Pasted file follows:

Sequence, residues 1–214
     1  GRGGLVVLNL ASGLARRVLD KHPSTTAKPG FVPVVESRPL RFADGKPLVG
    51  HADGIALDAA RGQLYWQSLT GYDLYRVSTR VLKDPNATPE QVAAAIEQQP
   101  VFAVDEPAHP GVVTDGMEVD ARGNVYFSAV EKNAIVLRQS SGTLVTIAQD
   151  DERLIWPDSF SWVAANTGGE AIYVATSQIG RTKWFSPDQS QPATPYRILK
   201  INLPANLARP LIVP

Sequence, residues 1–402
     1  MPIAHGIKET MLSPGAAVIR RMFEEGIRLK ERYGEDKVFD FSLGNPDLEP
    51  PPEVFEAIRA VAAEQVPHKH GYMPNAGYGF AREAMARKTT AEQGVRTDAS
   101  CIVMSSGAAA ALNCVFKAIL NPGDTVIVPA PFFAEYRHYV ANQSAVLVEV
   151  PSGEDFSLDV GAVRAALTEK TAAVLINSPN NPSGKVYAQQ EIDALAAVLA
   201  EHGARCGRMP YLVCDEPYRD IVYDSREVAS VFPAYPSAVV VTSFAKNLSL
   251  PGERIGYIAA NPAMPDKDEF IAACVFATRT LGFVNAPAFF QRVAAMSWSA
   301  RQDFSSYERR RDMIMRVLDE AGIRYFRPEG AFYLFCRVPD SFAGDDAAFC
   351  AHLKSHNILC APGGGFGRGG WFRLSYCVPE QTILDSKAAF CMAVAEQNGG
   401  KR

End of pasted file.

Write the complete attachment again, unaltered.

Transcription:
Sequence, residues 1–214
     1  GRGGLVVLNL ASGLARRVLD KHPSTTAKPG FVPVVESRPL RFADGKPLVG
    51  HADGIALDAA RGQLYWQSLT GYDLYRVSTR VLKDPNATPE QVAAAIEQQP
   101  VFAVDEPAHP GVVTDGMEVD ARGNVYFSAV EKNAIVLRQS SGTLVTIAQD
   151  DERLIWPDSF SWVAANTGGE AIYVATSQIG RTKWFSPDQS QPATPYRILK
   201  INLPANLARP LIVP

Sequence, residues 1–402
     1  MPIAHGIKET MLSPGAAVIR RMFEEGIRLK ERYGEDKVFD FSLGNPDLEP
    51  PPEVFEAIRA VAAEQVPHKH GYMPNAGYGF AREAMARKTT AEQGVRTDAS
   101  CIVMSSGAAA ALNCVFKAIL NPGDTVIVPA PFFAEYRHYV ANQSAVLVEV
   151  PSGEDFSLDV GAVRAALTEK TAAVLINSPN NPSGKVYAQQ EIDALAAVLA
   201  EHGARCGRMP YLVCDEPYRD IVYDSREVAS VFPAYPSAVV VTSFAKNLSL
   251  PGERIGYIAA NPAMPDKDEF IAACVFATRT LGFVNAPAFF QRVAAMSWSA
   301  RQDFSSYERR RDMIMRVLDE AGIRYFRPEG AFYLFCRVPD SFAGDDAAFC
   351  AHLKSHNILC APGGGFGRGG WFRLSYCVPE QTILDSKAAF CMAVAEQNGG
   401  KR